By Kim ODonnel | September 23, 2008; 7:50 AM ET | Comments (11)

Meatless Monday: Zucchini “Meatballs” With Red Sauce

Enthusiastically is how you responded to last week’s proposal for a weekly meatless feature. We take that as a “yes” and we’ve decided to waste no time in getting started. Welcome to the first edition of Meatless Monday, a Mighty Appetite feature that explores the idea of taking a break from meat one day a week. Although many readers have expressed an interest in diversifying their diets, they also tell me that they don’t know how and could use a little help in the motivation department. That’s why, starting today and every Monday, I’ll dish up a different recipe (with Casa Appetite testing notes, as always), but the meat will nowhere to be found. It won’t be on the side, it won’t be in the soup stock, it just won’t be -- for one day of the week. Curiosity can often be a great motivator -- and a recipe...

By Kim ODonnel | September 22, 2008; 8:07 AM ET | Comments (15)

Guided Curry Tour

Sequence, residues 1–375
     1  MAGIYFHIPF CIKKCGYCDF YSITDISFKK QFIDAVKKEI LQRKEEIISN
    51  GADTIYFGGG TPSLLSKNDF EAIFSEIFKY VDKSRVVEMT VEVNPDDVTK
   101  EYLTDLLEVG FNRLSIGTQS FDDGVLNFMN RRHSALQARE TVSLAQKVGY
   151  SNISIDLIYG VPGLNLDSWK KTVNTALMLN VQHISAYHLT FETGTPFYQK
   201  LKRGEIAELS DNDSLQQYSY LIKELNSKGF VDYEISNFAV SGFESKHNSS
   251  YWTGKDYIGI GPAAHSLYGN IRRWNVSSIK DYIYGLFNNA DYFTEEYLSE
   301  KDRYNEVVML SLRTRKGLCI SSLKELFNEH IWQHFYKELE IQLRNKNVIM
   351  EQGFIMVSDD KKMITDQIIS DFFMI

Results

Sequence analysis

K Street: I love curries but am a bit intimidated by all of the spices. In an attempt to overcome this, I've talked some friends into joining me for a "curry day" and having a do-it-yourself cooking class. We want to get the relevant spices, toast and grind them -- we are planning to make 3-4 dishes, if possible, and then we'll sit down and eat when all is over. My question is whether you can suggest a good source for recipes that will go over how to handle the spices, etc. I saw that you referenced a new curry cookbook in your blog recently, so thought that might be an option. Ideas? As I mentioned in this week’s chat, I love this idea. In fact, it’s got me thinking about the possibility of doing a “Curry Week” in this space this fall, announced in advance so that readers could...